Medtronic Earnings Call Nuggets: Pricing Details and Inventory Levels Outlook
Medtronic, Inc. (NYSE:MDT) recently reported its first quarter earnings and discussed the following topics in its earnings conference call.
Matthew Dodds – Citigroup: I wanted to focus first on pricing. Omar and Gary, you both highlighted CRM sound a little better in the U.S., down 2%. Can you comment on what pacing was in the U.S., maybe what stents were and then broadly, how Europe is behaving? I’m trying to see if some other comments from your competitors about pricing looking a little better, if you agree with that view broadly?
Omar Ishrak – Chairman and CEO: I’ll let Gary comment.
Gary Ellis – SVP and CFO: Yeah. I mean, Matt, overall, as you indicated, we saw a little bit of – obviously, in ICDs we saw tempering of the kind of the decline, down a couple percent. Pacing was also kind of down at low-single-digits and so, we saw improvement there. Stents I think have been – it varies kind of around (indiscernible) they have been probably closer and more in the high-single-digits as far as some of the declines there, depending on what geography you are in. So, we continue to see pricing declines on the drug-eluting stents side that are pretty consistent with what we’ve seen over the last several quarters. But clearly, with the product launches we had both in pacing and on high-power, we are seeing a little bit of tempering on the pricing pressure.
Matthew Dodds – Citigroup: And then just one quick ICD question. When you look at the bulking, Q4 didn’t factor into Q1 is the comments from the call; you got to hit in Q1 but you expect to improve in Q2 or do you think Q4 there was some additional bulking on that quarter that impacted Q1?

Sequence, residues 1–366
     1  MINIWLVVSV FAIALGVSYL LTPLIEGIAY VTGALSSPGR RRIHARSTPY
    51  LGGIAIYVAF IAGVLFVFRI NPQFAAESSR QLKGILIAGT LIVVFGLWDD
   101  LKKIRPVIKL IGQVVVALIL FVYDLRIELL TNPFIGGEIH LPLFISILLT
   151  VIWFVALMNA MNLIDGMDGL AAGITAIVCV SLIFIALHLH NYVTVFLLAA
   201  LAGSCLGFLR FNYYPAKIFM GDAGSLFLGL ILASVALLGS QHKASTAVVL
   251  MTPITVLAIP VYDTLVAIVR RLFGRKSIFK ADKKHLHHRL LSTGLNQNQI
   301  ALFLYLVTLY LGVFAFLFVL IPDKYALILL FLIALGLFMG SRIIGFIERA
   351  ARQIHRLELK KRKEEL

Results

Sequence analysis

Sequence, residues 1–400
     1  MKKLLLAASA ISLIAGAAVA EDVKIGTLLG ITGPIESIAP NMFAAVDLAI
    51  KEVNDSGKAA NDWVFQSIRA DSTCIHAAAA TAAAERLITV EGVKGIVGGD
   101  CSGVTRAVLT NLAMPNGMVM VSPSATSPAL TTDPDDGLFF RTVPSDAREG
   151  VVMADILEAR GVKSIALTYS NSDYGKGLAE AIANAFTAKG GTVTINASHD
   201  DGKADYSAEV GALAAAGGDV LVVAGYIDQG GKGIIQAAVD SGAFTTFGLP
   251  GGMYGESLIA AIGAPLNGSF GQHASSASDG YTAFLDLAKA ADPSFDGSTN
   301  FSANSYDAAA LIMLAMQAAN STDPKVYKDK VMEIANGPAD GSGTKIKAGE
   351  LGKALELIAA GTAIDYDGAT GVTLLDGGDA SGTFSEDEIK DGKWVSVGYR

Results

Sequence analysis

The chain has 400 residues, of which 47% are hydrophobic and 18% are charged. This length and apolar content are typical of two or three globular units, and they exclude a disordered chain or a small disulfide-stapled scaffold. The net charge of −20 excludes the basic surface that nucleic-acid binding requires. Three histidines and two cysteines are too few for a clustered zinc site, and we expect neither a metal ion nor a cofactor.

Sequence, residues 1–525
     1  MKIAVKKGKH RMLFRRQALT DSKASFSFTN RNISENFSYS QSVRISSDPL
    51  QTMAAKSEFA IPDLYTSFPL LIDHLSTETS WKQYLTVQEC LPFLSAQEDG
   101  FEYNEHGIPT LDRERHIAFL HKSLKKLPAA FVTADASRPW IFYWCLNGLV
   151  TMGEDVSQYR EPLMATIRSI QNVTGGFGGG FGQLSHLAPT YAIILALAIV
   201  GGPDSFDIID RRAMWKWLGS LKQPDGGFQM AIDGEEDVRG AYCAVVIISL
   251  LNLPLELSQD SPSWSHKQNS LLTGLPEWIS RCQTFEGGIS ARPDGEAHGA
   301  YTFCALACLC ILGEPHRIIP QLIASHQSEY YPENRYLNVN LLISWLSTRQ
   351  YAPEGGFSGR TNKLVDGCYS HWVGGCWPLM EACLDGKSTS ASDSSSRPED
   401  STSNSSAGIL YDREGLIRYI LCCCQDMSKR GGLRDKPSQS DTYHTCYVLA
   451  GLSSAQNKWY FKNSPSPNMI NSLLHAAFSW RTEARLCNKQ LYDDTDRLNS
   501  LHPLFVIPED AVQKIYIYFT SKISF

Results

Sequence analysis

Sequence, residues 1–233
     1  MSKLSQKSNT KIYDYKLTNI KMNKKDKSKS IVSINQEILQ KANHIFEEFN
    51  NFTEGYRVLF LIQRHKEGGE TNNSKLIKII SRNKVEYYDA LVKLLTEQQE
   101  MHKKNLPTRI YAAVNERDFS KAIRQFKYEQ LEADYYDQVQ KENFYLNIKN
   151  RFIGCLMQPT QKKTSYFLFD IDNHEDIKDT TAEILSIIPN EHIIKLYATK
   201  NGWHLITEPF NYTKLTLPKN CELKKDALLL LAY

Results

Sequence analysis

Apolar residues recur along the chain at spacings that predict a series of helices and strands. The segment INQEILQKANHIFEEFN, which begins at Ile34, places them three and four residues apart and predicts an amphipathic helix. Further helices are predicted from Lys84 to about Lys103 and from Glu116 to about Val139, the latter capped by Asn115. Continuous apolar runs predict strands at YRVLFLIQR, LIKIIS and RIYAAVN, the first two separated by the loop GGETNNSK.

Omar Ishrak – Chairman and CEO: I think largely you’re correct. I think it was mostly Q1 – isolated to Q1 itself and the dynamics are between Q1 and Q2 as opposed to Q4…
Gary Ellis – SVP and CFO: Matt, as look through – I mean we clearly thought into the quarter we know inventory levels dropped based on what we saw as far implant usage or everything else. And so we don’t believe that there was a big impact from Q4. Obviously, our Q4 was a very strong quarter as you all know but we don’t think that that had an impact in the quarter. We do believe – we that from, as we indicated in my comments that lot of these new products were not on contract yet and we weren’t willing to put discounts on the previously contracted pricing and so as a result of that we just didn’t see the level of bulk purchases during the quarter that we would normally see and we know inventory levels were down as a result of that. So that bodes well for the future. We think it bodes well not only for pricing but obviously also we would expect the bulk purchases to come back to more normal levels as we go through the rest of the year.
Inventory Levels Outlook
David Lewis – Morgan Stanley: Maybe just two quick questions Gary just in terms of the German injunction impact for CoreValve, it looked to us like about a $25 million impact. Can you kind of give us a sense of what the impact was in your mind in the quarter and how do we think about that number heading into next quarter? Should we assume a significant drop off or still inventory levels are maintaining a relatively high and then I had a quick follow-up.